|Submission Date||Aug. 19, 2011|
PAE-10: Affordability and Access Programs
Dean for Students
Pace University Pleasantville
Does the institution have policies and programs in place to make it accessible and affordable to low-income students?:
A brief description of the institution’s participation in federal TRIO programs:
We do not participate in the TRIO program but do participate in other programs as noted below.
A brief description of the institution’s policies and programs to minimize the cost of attendance for low-income students?:
Pace University relies on the results of the Free Application for Federal Student Aid (FAFSA), filed by students seeking financial assistance each year, to determine the need-based financial aid offerings. The Federal Processing Center uses the information provided on the FAFSA (i.e. number in household, number in college, adjusted gross income, family assets, etc.) to determine the student/parent’s “Expected Family Contribution” (etc.). Pace University employs the federal methodology to determine a student’s financial need: Cost of Attendance – EFC – Resources = Financial Need. The lower the EFC, the more need the student will demonstrate. Students with lower EFC numbers/greater need are awarded larger Pace Grants and campus-based federal aid programs as well (i.e. Supplemental Educational Opportunity Grants, Federal Work Study and Perkins Loans). In fact, 44% of all 2010-2011 FAFSA filers, at Pace University, were Pell Grant recipients. Pell Grant is the oldest federal grant program and is reserved for students demonstrating the most financial need.
A brief description of the institution’s programs to equip the institution's faculty and staff to better serve students from low-income backgrounds:
The staff within the admission offices is trained to work with first generation families as well as low-income families to guide them through the process and tell them the answers to questions they may not know to ask. The admission office staff members try to determine a family’s background/knowledge of the college process so they can cater the interview/conversation to be the most helpful.
A brief description of the institution’s programs to prepare students from low-income backgrounds for higher education:
The Center for Urban Education has programs to assist under-served people of all ages. Since 1986, CUE has been dedicated to improving the lives of low-income, first-generation, college-bound students and new immigrant youth by offering educational opportunities. CUE’s programs include:
• Teacher Opportunity Corps – A personalized mentoring program that supports the retention and professional development of future teachers studying at Pace University. These tutoring services TOC provides specialize in academic and grant writing, scholarship application, instructional technology, professional development, service learning and addresses a variety of professional/career concerns.
• Teacher Leader Quality Partnership – Offers professional development for teachers in New York City Public schools. TLQP provides workshops on how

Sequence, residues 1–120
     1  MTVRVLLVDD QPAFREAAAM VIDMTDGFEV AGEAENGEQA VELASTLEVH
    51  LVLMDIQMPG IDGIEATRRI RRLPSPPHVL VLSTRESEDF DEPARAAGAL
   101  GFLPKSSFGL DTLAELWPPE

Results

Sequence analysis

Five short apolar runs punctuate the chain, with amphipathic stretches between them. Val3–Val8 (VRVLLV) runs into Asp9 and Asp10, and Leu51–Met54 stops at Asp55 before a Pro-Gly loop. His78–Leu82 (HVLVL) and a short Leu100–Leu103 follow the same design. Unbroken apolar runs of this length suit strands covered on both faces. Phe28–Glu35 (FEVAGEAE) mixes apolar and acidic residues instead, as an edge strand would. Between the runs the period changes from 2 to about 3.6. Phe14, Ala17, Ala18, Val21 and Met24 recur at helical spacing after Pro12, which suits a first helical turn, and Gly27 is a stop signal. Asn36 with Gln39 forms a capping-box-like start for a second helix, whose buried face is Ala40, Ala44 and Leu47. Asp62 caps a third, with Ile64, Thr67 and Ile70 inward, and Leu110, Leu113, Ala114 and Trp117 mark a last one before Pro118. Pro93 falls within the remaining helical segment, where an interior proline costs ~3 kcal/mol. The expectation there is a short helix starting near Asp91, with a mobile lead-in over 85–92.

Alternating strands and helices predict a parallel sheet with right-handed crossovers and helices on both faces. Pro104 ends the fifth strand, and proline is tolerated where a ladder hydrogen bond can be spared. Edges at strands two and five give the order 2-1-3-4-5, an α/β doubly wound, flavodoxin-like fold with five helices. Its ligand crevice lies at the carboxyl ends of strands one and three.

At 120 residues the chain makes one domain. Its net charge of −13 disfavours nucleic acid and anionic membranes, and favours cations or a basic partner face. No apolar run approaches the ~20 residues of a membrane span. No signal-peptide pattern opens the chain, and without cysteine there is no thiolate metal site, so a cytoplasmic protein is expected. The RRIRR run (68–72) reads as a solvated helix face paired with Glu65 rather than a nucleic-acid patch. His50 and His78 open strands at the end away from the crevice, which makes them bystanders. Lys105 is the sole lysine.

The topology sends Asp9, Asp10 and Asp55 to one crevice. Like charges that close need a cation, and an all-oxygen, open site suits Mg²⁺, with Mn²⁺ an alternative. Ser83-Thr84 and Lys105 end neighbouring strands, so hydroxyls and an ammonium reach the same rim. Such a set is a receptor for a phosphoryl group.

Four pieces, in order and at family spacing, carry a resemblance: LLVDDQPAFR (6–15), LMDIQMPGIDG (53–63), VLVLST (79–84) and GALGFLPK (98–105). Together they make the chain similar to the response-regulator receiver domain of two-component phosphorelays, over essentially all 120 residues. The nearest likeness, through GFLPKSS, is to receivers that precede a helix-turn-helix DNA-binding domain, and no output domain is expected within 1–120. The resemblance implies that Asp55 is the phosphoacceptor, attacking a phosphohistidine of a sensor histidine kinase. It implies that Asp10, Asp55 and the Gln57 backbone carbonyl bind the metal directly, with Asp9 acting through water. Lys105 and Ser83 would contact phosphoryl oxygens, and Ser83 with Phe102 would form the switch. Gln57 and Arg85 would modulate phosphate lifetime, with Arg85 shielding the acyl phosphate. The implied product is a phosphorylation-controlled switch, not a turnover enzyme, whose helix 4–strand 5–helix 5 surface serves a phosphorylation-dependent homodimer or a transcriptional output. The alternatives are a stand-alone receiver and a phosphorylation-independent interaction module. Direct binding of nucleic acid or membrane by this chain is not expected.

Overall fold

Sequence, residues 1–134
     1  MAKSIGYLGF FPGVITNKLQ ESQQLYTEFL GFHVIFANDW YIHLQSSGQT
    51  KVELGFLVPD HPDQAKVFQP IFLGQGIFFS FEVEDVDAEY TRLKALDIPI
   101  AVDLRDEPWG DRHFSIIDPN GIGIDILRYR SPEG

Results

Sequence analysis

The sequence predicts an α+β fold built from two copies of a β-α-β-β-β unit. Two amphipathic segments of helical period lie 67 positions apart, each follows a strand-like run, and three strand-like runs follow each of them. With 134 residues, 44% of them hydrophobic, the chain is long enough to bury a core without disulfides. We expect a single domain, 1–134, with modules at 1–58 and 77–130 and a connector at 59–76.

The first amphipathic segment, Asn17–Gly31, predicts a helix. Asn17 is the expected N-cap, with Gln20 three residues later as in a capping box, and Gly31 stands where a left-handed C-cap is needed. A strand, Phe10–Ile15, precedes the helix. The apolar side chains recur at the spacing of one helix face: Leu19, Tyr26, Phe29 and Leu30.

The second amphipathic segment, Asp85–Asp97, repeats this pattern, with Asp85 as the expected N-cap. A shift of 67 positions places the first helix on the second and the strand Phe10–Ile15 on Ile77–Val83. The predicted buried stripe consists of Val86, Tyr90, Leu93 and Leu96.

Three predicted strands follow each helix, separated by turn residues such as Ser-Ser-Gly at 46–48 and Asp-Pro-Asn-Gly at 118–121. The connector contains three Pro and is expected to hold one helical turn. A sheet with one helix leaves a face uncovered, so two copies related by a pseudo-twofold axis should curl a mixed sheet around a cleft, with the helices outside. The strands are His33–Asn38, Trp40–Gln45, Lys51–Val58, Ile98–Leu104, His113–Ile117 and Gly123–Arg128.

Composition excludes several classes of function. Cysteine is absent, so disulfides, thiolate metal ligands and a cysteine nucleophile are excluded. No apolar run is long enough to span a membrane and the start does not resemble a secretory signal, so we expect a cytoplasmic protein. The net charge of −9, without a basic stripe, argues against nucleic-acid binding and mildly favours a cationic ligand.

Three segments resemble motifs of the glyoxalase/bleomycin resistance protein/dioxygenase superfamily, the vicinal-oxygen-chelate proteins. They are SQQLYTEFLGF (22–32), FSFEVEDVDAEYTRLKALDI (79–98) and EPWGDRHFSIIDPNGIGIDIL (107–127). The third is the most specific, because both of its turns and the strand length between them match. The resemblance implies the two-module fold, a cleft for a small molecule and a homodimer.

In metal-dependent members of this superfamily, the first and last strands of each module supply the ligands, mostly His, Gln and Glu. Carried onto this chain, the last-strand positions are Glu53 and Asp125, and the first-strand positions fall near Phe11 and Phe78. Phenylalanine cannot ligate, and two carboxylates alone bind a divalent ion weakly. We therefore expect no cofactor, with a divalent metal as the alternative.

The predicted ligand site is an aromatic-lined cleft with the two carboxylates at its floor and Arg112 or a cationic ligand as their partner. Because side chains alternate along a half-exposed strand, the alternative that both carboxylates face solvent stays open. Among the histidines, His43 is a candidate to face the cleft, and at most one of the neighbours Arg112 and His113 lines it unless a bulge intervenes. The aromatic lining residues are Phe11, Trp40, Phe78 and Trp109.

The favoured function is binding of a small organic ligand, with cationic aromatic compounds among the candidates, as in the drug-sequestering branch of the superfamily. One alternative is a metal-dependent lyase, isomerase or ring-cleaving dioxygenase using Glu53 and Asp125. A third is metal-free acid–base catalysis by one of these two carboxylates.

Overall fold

A brief description of the institution's scholarships for low-income students:
Merit scholarships offered by Pace University are strictly determined by students’ academic achievements/prowess and are need-blind. However, Pace has a robust endowment scholarship program. A number of endowment funds are earmarked for “disadvantaged”/minority students. A few examples are: The Thomas O’Reilly Scholarship, Rubak Free Nurses Scholarship and Starr Scholarship.
A brief description of the institution’s programs to guide parents of low-income students through the higher education experience:
The Financial Aid staff at Pace University offers a number of on-campus workshops guiding both prospective and current students and their parents through the FAFSA form process and general financial aid maze. In addition to these on-campus offerings, we conduct annual workshops at high schools throughout the tri-state area, many in under-served communities: Mount Vernon, Yonkers, Bronx, Harlem, etc. We also work closely with NY State programs that serve under-privileged youth, such as Gear Up. We offer financial aid workshops for these organizations, assistance to parents and students (affiliated with the programs) with completing FAFSA forms, etc.
A brief description of the institution’s targeted outreach to recruit students from low-income backgrounds:
Work with school districts that (based on data) have low graduation rate and low income families. Attend college fairs; meet with guidance counselors and students.
A brief description of the institution’s other admissions policies and programs:
Participate in/allow NACAC and College Board application fee waivers that are based on income and offer the student a waived $50 application fee.
A brief description of the institution’s other financial aid polices or programs:
A brief description of the institution’s other policies and programs not covered above:
The website URL where information about programs in each of the areas listed above is available:
The information presented here is self-reported. While AASHE staff review portions of all STARS reports and institutions are welcome to seek additional forms of review, the data in STARS reports are not verified by AASHE. If you believe any of this information is erroneous or inconsistent with credit criteria, please review the process for inquiring about the information reported by an institution and complete the Data Inquiry Form.